recent study by the Centers for Disease Control (CDC), home births are on the rise, but the tragic January 23, 2012, death of an Australian home birth advocate highlights a debate over safety. Caroline Lovell, a professional photographer who reportedly petitioned the Australian government to provide funding and legal protection for home births, suffered cardiac arrest while delivering her second child at home. She died the next day after being rushed to a hospital. Yahoo! 7 News reports a private midwife was in attendance.According to a
Between 2004 and 2009, the percentage of American women giving birth at home increased by nearly 30 percent. That number is highest amongst white, non-Hispanic women. For that group, about 1 out of 90 births occur at home.
Women choose to give birth at home for a number of reasons including comfort and privacy. Robin Dunn Bryant, a writer whose daughter was delivered safely at home after 13 hours of labor with the assistance of two midwives, says she did her research and met with a number of doctors before choosing the home birth route. "I wanted to have the most natural and supportive experience possible," she says, adding that her midwives allowed her to do many things that might not have been possible in a hospital including eating, changing position frequently, and napping undisturbed.
Experts also speculate the increase is due to the rising number of cesarean sections performed in hospitals. A 2010 study by the American Journal of Obstetrics and Gynecology reported that one-third of all hospital deliveries for first-time moms was by C-section. Chicago-based labor doula and childbirth educator, Holly Barhamand, points out some women end up having home births because they can't afford to deliver in a hospital. According to the CDC, home births cost about one-third less.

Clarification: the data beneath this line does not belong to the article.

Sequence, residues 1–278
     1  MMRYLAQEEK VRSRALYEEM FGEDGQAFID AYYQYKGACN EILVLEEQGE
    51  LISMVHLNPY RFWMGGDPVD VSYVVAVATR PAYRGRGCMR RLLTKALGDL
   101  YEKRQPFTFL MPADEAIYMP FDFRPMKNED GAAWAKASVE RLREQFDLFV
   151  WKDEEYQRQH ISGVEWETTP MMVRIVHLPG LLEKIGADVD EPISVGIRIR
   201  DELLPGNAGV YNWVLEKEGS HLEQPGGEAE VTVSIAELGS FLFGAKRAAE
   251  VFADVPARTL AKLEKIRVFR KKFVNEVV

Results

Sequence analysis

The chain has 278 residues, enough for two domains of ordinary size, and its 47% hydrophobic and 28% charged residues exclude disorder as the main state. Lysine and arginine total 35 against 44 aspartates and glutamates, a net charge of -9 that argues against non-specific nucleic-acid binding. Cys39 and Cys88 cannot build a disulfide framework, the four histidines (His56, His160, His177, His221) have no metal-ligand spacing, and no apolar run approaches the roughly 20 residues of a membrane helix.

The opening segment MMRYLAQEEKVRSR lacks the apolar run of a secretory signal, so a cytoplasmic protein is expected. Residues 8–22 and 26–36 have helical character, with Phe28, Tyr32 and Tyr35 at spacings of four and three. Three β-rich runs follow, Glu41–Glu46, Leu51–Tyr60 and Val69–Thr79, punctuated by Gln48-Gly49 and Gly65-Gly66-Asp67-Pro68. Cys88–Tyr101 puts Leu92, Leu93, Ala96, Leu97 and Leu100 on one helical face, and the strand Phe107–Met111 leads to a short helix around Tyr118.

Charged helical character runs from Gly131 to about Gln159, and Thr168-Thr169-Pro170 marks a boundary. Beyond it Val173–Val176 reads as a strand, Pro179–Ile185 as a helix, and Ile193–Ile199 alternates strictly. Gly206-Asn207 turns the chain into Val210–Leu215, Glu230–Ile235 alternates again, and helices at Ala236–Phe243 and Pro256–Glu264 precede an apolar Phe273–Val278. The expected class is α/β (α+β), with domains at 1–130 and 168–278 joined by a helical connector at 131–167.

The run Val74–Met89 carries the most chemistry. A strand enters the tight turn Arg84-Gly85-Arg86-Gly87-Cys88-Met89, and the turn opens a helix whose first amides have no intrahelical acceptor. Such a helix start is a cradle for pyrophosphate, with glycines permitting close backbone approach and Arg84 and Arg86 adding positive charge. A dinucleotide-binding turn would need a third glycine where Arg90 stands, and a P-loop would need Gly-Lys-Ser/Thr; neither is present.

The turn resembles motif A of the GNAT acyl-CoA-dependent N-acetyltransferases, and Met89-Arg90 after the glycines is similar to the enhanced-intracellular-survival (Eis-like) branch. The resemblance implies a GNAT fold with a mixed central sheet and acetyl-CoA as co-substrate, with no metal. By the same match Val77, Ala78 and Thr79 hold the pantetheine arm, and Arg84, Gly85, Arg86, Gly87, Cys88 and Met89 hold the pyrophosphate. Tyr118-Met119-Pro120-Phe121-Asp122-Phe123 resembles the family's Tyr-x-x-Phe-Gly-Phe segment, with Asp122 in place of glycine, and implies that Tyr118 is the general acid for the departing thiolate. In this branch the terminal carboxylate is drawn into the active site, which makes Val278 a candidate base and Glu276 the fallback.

Although more statistics are needed on the safety of home births, a statement by the American College of Obstetrics and Gynecology asserts that, "although the absolute risk of planned home births is low, published medical evidence shows it does carry a two- to three-fold increase in the risk of newborn death compared with planned hospital births." Officially, they do not support home births. If mothers have an underlying medical condition, potentially the case in the Lovell death, or if the baby is breech, trying to deliver at home can be particularly dangerous.
"If an at-home delivery runs into trouble and there's a hospital five minutes away, that probably is not going to be a big problem," Dr. George A. Macones of the American College of Obstetricians and Gynecologists, said in a recent interview with NPR. "But if you're half an hour away or 40 minutes away, then that could really ... be a big problem."
Fortunately, the CDC numbers show that women choosing to deliver their babies at home are generally low-risk candidates who are in their second or third pregnancies. The percentage of pre-term babies born at home is about 50% fewer than babies born in hospitals and the same for low-birth weight babies. The report suggests that home birth attendants are choosing candidates responsibly.
Barhamand, who helps clients both at home and in hospitals says, "A good midwife will have strict criteria about who should have a home birth." She adds that a disadvantage of giving birth in a hospital is that you may be subject to protocols that are not given on an individual basis. "They might be based on experience, but they aren't looking at the mother as an individual case."
As a woman who delivered two out of three of her own children at home, she's observed some of the benefits of home birth personally. Barhamand says, "Being on your own home turf builds confidence," and she has seen many women's labor stop or slow down when they have to leave for the hospital. She points out that a better model might be the one available in Canada. It gives more freedom to a midwife to decide during the labor process whether her client should have a home or a hospital birth.
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